Incorporating Functional Training into Your Exercise Routine

Functional training might sound like another fad workout, but in reality, incorporating intentional exercises into your workout can improve strength, stability, and mobility.

7 min read

Health & Wellness

Incorporating Functional Training into Your Exercise Routine

Functional training might sound like another fad workout, but in reality, incorporating intentional exercises into your workout can improve strength, stability, and mobility. Functional training is all about training your body for everyday activities, like lifting an object from the floor, loading your luggage into an overhead bin on a plane, or jumping to the side to get out of the way when navigating public spaces.


What is Functional Training?

Functional fitness simply prioritizes natural movements over exercises that are done with a machine or have little practical use. Functional training is exercises that are completed in a certain way to mimic natural movements and activities that take place outside the gym. The purpose is to get your body to move through diverse movement patterns, focusing on compound exercises that recruit multiple muscles and joints to work together. (1) These are movement patterns with a purpose. Movements like squats or pull-ups are considered more functional than using a leg press or lat pulldown machine. The exercises parallel with everyday activities like squatting, sitting, standing up, walking, picking up a heavy object, or pushing open a door.


What Are the Benefits of Functional Training?

1. Healthier Movement Patterns

Your body was designed for certain movement patterns that help keep your muscles in balance. Intentionally training these movement patterns can prevent tension, pain, or muscular imbalances. These exercises don’t just isolate one muscle action but instead incorporate multiple muscle groups at once for movement efficiency. A few human movement patterns include basic moves like the hip hinge, squat, lunge, push, pull, or rotation. (2)


2. Improved Physique

Since functional training recruits multiple muscle groups at once, it can help develop a leaner, toned, more athletic-looking body. Obviously, when you exercise regularly, the result is a stronger body. Functional training is also great for weight loss because you’ll typically burn more calories by doing compound exercises.


3. Improved Coordination, Body Awareness, and Mobility

Functional training exercises improve overall coordination and mobility. Mobility is the ability to move purposefully through each joint’s full range of motion, freely and efficiently. When muscles on one side of a joint are shortened, they cause the muscles on the other side to lengthen. (3) This in turn hinders the joint's ability to move the way it’s intended to. Integrated movement patterns like pushing, pulling, squatting, or standing up can improve joint mobility while enhancing overall muscle coordination.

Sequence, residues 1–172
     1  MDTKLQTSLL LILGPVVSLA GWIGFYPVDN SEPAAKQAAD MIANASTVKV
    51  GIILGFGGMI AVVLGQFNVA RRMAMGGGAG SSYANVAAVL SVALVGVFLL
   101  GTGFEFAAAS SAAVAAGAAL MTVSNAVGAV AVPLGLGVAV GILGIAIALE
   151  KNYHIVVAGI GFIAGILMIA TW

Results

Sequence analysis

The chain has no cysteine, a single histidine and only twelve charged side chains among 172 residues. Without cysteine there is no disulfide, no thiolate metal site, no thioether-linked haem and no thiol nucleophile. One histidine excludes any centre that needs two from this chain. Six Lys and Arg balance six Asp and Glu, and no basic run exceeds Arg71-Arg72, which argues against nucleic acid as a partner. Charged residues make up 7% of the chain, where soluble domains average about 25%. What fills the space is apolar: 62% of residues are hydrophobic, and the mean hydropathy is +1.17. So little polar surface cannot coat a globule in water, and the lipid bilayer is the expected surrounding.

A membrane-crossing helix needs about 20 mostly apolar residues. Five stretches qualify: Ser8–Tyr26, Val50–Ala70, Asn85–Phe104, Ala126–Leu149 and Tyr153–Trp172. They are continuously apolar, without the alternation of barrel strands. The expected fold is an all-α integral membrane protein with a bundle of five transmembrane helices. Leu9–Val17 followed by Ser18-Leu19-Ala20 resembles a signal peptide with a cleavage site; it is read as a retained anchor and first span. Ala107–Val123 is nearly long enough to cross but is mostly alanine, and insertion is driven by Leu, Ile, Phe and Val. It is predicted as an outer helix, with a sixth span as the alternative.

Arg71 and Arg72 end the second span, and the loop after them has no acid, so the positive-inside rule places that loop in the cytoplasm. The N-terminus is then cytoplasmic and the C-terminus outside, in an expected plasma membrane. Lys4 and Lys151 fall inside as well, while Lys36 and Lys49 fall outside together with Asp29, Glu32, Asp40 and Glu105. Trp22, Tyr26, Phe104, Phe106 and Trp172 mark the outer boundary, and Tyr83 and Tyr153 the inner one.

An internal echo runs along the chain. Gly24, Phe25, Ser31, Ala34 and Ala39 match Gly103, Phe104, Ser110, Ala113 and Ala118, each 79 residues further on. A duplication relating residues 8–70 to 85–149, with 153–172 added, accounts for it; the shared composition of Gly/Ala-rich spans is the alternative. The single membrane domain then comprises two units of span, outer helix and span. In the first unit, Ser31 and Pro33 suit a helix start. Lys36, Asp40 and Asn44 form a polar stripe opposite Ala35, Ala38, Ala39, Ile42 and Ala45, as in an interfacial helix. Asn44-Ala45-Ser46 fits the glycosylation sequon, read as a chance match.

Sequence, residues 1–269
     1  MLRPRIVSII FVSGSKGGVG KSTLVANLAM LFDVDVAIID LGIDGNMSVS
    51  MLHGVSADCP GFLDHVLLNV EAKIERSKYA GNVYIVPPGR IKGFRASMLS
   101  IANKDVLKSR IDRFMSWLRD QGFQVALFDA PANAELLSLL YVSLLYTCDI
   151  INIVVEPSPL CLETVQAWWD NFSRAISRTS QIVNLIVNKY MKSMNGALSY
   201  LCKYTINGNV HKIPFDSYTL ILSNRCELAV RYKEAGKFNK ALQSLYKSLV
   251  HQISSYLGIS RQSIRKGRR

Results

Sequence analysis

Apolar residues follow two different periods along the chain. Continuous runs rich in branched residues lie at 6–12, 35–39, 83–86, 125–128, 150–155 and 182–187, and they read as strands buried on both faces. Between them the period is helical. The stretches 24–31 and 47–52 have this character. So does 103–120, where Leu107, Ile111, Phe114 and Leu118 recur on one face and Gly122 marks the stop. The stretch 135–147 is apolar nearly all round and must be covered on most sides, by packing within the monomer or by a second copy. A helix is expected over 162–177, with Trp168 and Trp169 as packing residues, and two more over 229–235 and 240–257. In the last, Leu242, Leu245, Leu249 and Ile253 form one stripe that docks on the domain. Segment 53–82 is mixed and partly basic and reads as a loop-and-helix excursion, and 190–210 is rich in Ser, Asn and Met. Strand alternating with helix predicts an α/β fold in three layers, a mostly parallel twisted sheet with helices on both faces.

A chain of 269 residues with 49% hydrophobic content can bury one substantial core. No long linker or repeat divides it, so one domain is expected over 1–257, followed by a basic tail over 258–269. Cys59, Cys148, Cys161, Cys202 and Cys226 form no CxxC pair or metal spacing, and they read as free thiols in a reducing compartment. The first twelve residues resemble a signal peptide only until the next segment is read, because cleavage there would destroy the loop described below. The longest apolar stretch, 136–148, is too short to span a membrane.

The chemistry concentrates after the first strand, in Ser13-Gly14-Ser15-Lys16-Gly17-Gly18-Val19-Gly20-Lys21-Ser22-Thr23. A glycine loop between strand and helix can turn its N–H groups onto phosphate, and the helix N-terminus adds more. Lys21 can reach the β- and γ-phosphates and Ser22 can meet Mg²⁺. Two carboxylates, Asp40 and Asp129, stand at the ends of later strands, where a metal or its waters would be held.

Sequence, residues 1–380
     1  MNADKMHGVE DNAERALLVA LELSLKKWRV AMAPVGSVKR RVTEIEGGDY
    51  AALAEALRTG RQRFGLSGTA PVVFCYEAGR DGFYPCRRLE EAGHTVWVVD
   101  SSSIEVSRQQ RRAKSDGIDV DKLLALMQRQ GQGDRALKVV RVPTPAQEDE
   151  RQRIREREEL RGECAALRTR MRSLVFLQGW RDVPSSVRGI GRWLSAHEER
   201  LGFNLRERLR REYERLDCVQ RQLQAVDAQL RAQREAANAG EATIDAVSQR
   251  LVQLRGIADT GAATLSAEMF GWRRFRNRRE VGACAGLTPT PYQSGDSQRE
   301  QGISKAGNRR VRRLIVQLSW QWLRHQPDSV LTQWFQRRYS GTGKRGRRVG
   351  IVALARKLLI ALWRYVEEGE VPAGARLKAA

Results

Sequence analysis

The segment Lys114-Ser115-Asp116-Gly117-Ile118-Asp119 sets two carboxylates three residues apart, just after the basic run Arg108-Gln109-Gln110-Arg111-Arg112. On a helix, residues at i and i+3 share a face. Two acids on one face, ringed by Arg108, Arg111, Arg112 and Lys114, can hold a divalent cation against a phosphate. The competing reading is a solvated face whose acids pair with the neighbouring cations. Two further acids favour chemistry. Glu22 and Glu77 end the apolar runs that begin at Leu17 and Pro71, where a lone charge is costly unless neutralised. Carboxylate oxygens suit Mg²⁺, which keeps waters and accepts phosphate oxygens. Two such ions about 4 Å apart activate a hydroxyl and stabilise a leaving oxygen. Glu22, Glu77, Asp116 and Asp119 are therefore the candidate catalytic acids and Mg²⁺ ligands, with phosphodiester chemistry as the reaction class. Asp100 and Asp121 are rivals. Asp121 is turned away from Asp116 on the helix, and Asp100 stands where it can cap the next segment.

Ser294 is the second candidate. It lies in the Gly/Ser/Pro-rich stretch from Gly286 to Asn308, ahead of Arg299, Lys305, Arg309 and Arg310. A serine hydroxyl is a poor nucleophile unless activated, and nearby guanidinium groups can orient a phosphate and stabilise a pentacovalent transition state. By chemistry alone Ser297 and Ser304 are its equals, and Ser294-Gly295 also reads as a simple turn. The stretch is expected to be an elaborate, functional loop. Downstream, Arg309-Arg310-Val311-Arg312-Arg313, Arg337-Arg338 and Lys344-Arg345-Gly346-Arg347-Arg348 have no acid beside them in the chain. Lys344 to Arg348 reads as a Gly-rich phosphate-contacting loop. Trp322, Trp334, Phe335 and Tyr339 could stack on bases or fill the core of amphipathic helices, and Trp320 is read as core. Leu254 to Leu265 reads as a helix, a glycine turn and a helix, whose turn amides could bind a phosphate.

How to Incorporate Functional Training?

The best part about incorporating functional training into your routine is that it is completely customizable allowing for beginner, intermediate, and advanced training moves to spice up your workout no matter your fitness level. These basic exercises can also be enhanced by using elastic bands, medicine balls, ropes, kettlebells, sandbags, and even tires.

Here is a list of valuable moves that will improve body awareness, movement patterns, and full body power. Beginners can perform 8-12 reps and 1-2 sets, intermediate exercisers can perform 12-15 reps and 2-3 sets, and advanced exercisers can do 15 reps and 3-4 sets. (4)



Muscles Activated: Lats, upper back, middle back, biceps

Incorporating pull-ups into your fitness routine may seem like an impossible task, but many accommodations can be made to make this exercise accessible for any fitness level. Pull-up variations using a 41” loop resistance band or an assisted pull-up machine are a great place to start. This is the perfect way to include this exercise in your routine if a traditional pull-up isn’t doable for you just yet. Engaging the muscles in your back (latissimus dorsi, trapezius and rhomboids), shoulders (deltoids and rotator cuff), arms (biceps), and core (rectus abdominis and the transversus abdominis), bend your elbows as you lift your body up, raising your chin or chest above the level of the bar. (5)


Woman Maker/Man Maker

Muscles Activated: Quads, hamstrings, glutes, lats, upper back, middle back, chest, shoulders